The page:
US judges halt healthcare bans for transgender youth


By Daniel Trotta and Brendan Pierson

(Reuters) – In state after state, conservative lawmakers this year have banned medical procedures for transgender youth. Now, a growing number of federal judges are blocking those laws from taking effect.

U.S. district court judges have halted such laws in six states – Alabama, Arkansas, Florida, Indiana, Kentucky and Tennessee – finding that they infringe on the constitutional guarantee to equal protection under the 14th Amendment.

Two lawsuits challenging laws in Montana and Georgia have yet to be ruled on, and in Oklahoma the opposing sides in May agreed to set aside the law until the court case is heard.

The court rulings offer temporary relief from the recent rush of bills banning transgender youth from receiving treatments such as puberty blockers and hormone therapy. Twenty states have passed such measures, with the bulk of them signed into law this year.

“It’s quite noteworthy that the results in these cases have so far been so consistent,” said Tobias Wolff, a University of Pennsylvania law professor specializing in constitutional law and LGBTQ rights. “And it’s not because the law in this area was such a slam dunk. It’s because the facts are so clearly against these laws.”

Many conservative lawmakers have endorsed the laws as part of an effort to defend traditional values and portray Democrats as out of touch on issues of sex and religion.

Democrats, LGBTQ advocacy groups and health providers say the bans unjustly target a vulnerable community for whom gender-affirming care can be life-saving.

“The courts are starting to find very consistently that these laws are ridiculous,” said Kevin Jennings, chief executive of Lambda Legal, a civil rights organization focused on LGBTQ issues. “They violate the equal protection clause, they’re motivated by animus not science and they serve no state interest.”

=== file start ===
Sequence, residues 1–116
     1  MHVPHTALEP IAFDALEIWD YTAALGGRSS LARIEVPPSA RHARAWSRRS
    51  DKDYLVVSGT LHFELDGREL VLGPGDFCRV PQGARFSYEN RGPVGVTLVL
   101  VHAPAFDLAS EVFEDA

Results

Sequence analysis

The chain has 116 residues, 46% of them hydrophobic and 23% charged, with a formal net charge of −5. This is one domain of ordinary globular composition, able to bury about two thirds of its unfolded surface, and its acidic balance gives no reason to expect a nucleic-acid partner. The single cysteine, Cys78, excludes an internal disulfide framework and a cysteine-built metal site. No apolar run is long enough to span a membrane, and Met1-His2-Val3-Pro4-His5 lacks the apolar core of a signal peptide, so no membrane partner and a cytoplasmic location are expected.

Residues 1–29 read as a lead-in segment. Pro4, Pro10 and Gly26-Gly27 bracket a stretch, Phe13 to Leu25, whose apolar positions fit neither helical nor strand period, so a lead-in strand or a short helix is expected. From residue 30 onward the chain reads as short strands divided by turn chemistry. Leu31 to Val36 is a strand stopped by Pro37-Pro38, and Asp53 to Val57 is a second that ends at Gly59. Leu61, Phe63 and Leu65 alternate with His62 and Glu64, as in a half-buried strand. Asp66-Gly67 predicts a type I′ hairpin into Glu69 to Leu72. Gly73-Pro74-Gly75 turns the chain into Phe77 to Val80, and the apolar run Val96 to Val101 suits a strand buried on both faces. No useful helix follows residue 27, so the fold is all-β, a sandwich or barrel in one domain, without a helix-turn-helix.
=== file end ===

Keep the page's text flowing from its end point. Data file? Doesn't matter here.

Judges, including three appointed by Republican former President Donald Trump, have found that gender-affirming care is medically necessary for transgender youth suffering from gender dysphoria – the stress caused by the divergence between one’s gender identity and sex assigned at birth.

The judges also have said laws banning such care violate a parent’s right to make healthcare decisions for their children.

“Courts are really taking time to understand and recognize the humanity of the families and children impacted by these bans,” said Cynthia Cheng-Wun Weaver, litigation director for the Human Rights Campaign, the largest LGBTQ advocacy in the United States.

Supporters of the laws are undeterred, saying the courts have erred and that the prevailing medical consensus will change.

Matt Sharp, senior counsel for the Alliance Defending Freedom, which has advocated for the laws in multiple states, said states regularly regulate the medical profession based on age and procedure.

“Courts get it wrong sometimes,” Sharp said. “This is still early in the process.”

Jay Richards, director of the Heritage Foundation’s DeVos Center for Religion and Civil Society, said judges were too easily influenced by a “toxic ideology” promoted by groups such as the American Academy of Pediatrics and the World Professional Association for Transgender Health.

“Judges have busy schedules and very little time to study the scientific details,” Richards said.

In most of the states where judges have weighed in, the laws are blocked from taking effect while the challenges play out in court.

In Arkansas, however, a judge appointed by Democratic former President Barack Obama issued a permanent injunction striking down the law.

The lawsuits have been filed by advocacy groups such as the American Civil Liberties Union, the Human Rights Campaign and Lambda Legal on behalf of families of transgender youth.

Those groups have said they will challenge more of the state laws but are limited by funding constraints, legal resources and finding families willing to undertake the arduous process of suing their state governments.

(Reporting by Daniel Trotta and Brendan Pierson; Editing by Colleen Jenkins and Diane Craft)

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